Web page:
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Compulsory Mental Health Screening is Coming








By Sharon Hughes
March 15, 2009

Margaret Thatcher said, "The problem with Socialism is that you eventually run out of other people's money."
Some practical advice.

While the government is failing to take effective measures that will fix the financial crisis we are in, we can take measures to personally survive the madness.

So much has already been written and said about how to pull us out of the recession, near depression, we are in that I won't waste time recounting the arguments. But I will say that I think the average American seems to understand the problem and solution better than those in Congress and the White House.

How many of us, when faced with a personal financial crisis, would handle it the way the government is handling this national crisis? At the risk of sounding too simplistic, would we, for instance, refinance our home in order to pay off debt and wait a year or two before using the money to do so? That's what the administration is doing with the 'stimulus' $800+ billion funding that they approved...only using about 1/3 of it to 'stimulate' the economy now when it is needed the most, and waiting to use the remaining 2/3 in a year or two. Does that seem insane to you?

While it's clear that we can't wait for the government to fix things, we've got to take action to protect our personal financial situation now and for the future.

In addition to managing and diversifying our investiments two practical things that all of us can do right now to help us during this season is to evaluate our actual expenditures and real needs, and apply what I'll call the '25% rule' that author Cynthia Yates talks about in her books on money management.

Yates suggests that cutting spending by 25% is not only possible, but with a little discipline, doable.

For instance:
1) Simply Skip - i.e. instead of having that latte every morning on the way to work; skip it 1-2 times a week.

2) Mandate a Moratorium on Spending - in other words, buy only what you NEED.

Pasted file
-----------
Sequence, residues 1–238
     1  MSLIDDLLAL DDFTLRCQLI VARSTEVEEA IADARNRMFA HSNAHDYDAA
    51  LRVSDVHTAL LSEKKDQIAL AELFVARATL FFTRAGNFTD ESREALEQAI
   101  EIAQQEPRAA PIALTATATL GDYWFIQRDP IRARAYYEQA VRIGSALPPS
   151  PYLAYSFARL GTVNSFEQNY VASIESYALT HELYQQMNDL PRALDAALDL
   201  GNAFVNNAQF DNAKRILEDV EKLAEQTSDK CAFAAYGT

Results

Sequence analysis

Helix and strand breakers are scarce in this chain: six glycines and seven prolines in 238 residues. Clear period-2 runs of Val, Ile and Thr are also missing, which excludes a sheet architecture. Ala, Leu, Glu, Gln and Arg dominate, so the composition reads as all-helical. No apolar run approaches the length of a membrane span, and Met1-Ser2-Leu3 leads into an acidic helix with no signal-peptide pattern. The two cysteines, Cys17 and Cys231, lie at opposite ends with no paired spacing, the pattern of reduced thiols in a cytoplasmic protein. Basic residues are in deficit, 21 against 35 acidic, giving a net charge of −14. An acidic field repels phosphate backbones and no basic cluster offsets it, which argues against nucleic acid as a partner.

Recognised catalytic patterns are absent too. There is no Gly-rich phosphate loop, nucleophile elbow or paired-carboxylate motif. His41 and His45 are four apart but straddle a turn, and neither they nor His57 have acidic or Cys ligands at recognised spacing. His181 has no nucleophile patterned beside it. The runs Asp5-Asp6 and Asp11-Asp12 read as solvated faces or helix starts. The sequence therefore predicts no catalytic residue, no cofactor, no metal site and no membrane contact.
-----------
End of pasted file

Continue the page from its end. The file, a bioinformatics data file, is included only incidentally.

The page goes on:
3) Say No to Impulse - 50% of spending for the average person is based on impulse. Wait to purchase something, unless you really need it. Play a new game with your kids rather than buy them a new toy. (You'll be modeling for them not to live by impulse spending).

4) Use Things Up - be creative with the food you already have in your cabinet and freezer; don't give in to the ease of take out pizza, etc; hold off on buying new clothes, wear what you have.

5) Don't Waste - i.e. gasoline by driving to the store for groceries once a week instead of every day. Eat/freeze leftovers; consciously think of items you throw away in terms of cost vs.. just a spoiled head of broccoli or container of sour cream.

And taking 10-15 minutes to figure out your actual needed expenditures (click here for puff download) can help you gauge your spending and help you save.

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Remember, no matter how tough times get, they don't last forever.

You can do this. We can do this. We need to take charge of our money now, before the government takes any more of it. And believe me, they will.

� 2009 Sharon Hughes - All Rights Reserved

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Sharon is the President of The Center for Changing Worldviews, and hosts Changing Worldviews TALK Radio which is heard on KDIA AM1640 San Francisco; WITA AM1490 Knoxville,TN, nationally on and internationally on Her column appears on several online news sites including American,,,,,,, and others. For further information on her lineup of guests and topics visit:



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How many of us, when faced with a personal financial crisis, would handle it the way the government is handling this national crisis?